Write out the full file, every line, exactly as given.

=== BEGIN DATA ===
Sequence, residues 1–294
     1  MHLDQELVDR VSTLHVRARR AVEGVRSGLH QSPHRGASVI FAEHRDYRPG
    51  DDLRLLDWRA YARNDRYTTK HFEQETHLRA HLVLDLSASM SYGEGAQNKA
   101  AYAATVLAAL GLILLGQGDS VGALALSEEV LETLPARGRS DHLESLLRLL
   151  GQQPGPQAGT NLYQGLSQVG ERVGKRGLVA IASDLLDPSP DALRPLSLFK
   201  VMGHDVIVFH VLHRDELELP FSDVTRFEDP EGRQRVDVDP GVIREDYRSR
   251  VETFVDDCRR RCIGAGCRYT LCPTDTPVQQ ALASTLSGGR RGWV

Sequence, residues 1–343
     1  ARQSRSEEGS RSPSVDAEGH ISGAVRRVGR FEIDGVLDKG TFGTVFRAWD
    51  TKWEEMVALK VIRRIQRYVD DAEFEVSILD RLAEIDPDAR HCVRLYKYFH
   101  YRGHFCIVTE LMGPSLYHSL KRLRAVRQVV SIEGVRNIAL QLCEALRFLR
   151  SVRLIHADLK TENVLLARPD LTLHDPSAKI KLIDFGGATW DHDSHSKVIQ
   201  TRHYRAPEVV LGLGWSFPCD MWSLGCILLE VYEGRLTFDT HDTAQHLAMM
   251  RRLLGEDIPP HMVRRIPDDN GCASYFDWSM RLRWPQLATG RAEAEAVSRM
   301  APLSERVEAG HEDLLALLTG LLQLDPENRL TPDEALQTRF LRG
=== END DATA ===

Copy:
Sequence, residues 1–294
     1  MHLDQELVDR VSTLHVRARR AVEGVRSGLH QSPHRGASVI FAEHRDYRPG
    51  DDLRLLDWRA YARNDRYTTK HFEQETHLRA HLVLDLSASM SYGEGAQNKA
   101  AYAATVLAAL GLILLGQGDS VGALALSEEV LETLPARGRS DHLESLLRLL
   151  GQQPGPQAGT NLYQGLSQVG ERVGKRGLVA IASDLLDPSP DALRPLSLFK
   201  VMGHDVIVFH VLHRDELELP FSDVTRFEDP EGRQRVDVDP GVIREDYRSR
   251  VETFVDDCRR RCIGAGCRYT LCPTDTPVQQ ALASTLSGGR RGWV

Sequence, residues 1–343
     1  ARQSRSEEGS RSPSVDAEGH ISGAVRRVGR FEIDGVLDKG TFGTVFRAWD
    51  TKWEEMVALK VIRRIQRYVD DAEFEVSILD RLAEIDPDAR HCVRLYKYFH
   101  YRGHFCIVTE LMGPSLYHSL KRLRAVRQVV SIEGVRNIAL QLCEALRFLR
   151  SVRLIHADLK TENVLLARPD LTLHDPSAKI KLIDFGGATW DHDSHSKVIQ
   201  TRHYRAPEVV LGLGWSFPCD MWSLGCILLE VYEGRLTFDT HDTAQHLAMM
   251  RRLLGEDIPP HMVRRIPDDN GCASYFDWSM RLRWPQLATG RAEAEAVSRM
   301  APLSERVEAG HEDLLALLTG LLQLDPENRL TPDEALQTRF LRG